Cystic fibrosis (CF) is the most common lethal autosomal recessive disorder in the Caucasian population, affecting about 30,000 individuals in the United States. The gene responsible for CF, the CF transmembrane conductance regulator (CFTR), was identified 15 years ago. Substantial variation in the many aspects of the CF phenotype among individuals with the same CFTR genotype demonstrates that factors independent of CFTR exert considerable influence on outcome in CF. To date, the majority of published studies investigating the cause of disease variability in CF report associations between candidate genes and some aspect of the CF phenotype. However, a definitive modifier gene for CF remains to be identified. Despite the challenges posed by searches for modifier effects, studies of affected twins and siblings indicate that genetic factors play a substantial role in intestinal manifestations. Identifying the factors contributing to variation in pulmonary disease, the primary cause of mortality, remains a challenge for CF research.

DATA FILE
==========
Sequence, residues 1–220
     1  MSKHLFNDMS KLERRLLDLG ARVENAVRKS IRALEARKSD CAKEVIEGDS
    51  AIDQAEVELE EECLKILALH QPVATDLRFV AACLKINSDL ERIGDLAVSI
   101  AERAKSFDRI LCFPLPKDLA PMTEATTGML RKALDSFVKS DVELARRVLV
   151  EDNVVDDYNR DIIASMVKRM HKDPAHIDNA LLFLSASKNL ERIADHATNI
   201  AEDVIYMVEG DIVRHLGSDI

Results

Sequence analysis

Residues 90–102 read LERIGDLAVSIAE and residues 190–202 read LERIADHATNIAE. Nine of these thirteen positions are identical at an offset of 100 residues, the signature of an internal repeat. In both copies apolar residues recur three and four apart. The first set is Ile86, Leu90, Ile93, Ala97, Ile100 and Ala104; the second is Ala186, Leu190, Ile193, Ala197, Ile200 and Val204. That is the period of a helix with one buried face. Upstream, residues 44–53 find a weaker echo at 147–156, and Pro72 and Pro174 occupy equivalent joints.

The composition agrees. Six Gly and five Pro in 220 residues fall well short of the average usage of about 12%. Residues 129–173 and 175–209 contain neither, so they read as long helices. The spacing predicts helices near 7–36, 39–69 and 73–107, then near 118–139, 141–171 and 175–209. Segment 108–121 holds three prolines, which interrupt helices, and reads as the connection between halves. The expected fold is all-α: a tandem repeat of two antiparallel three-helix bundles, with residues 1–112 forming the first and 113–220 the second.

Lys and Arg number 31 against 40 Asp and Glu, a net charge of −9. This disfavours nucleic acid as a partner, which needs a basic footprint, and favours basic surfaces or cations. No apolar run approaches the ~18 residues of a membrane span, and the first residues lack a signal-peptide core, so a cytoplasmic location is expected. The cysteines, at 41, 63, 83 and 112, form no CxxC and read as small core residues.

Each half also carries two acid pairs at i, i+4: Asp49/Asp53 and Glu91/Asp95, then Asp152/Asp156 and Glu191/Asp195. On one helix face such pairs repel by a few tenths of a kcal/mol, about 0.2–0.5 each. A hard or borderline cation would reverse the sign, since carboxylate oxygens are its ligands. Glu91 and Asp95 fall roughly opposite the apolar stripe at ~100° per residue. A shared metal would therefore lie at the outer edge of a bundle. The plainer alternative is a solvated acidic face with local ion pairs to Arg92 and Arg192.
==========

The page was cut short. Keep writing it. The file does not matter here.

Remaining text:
|Original language||English (US)|
|Number of pages||24|
|Journal||Annual Review of Genomics and Human Genetics|
|State||Published - Oct 10 2005|
ASJC Scopus subject areas
- Molecular Biology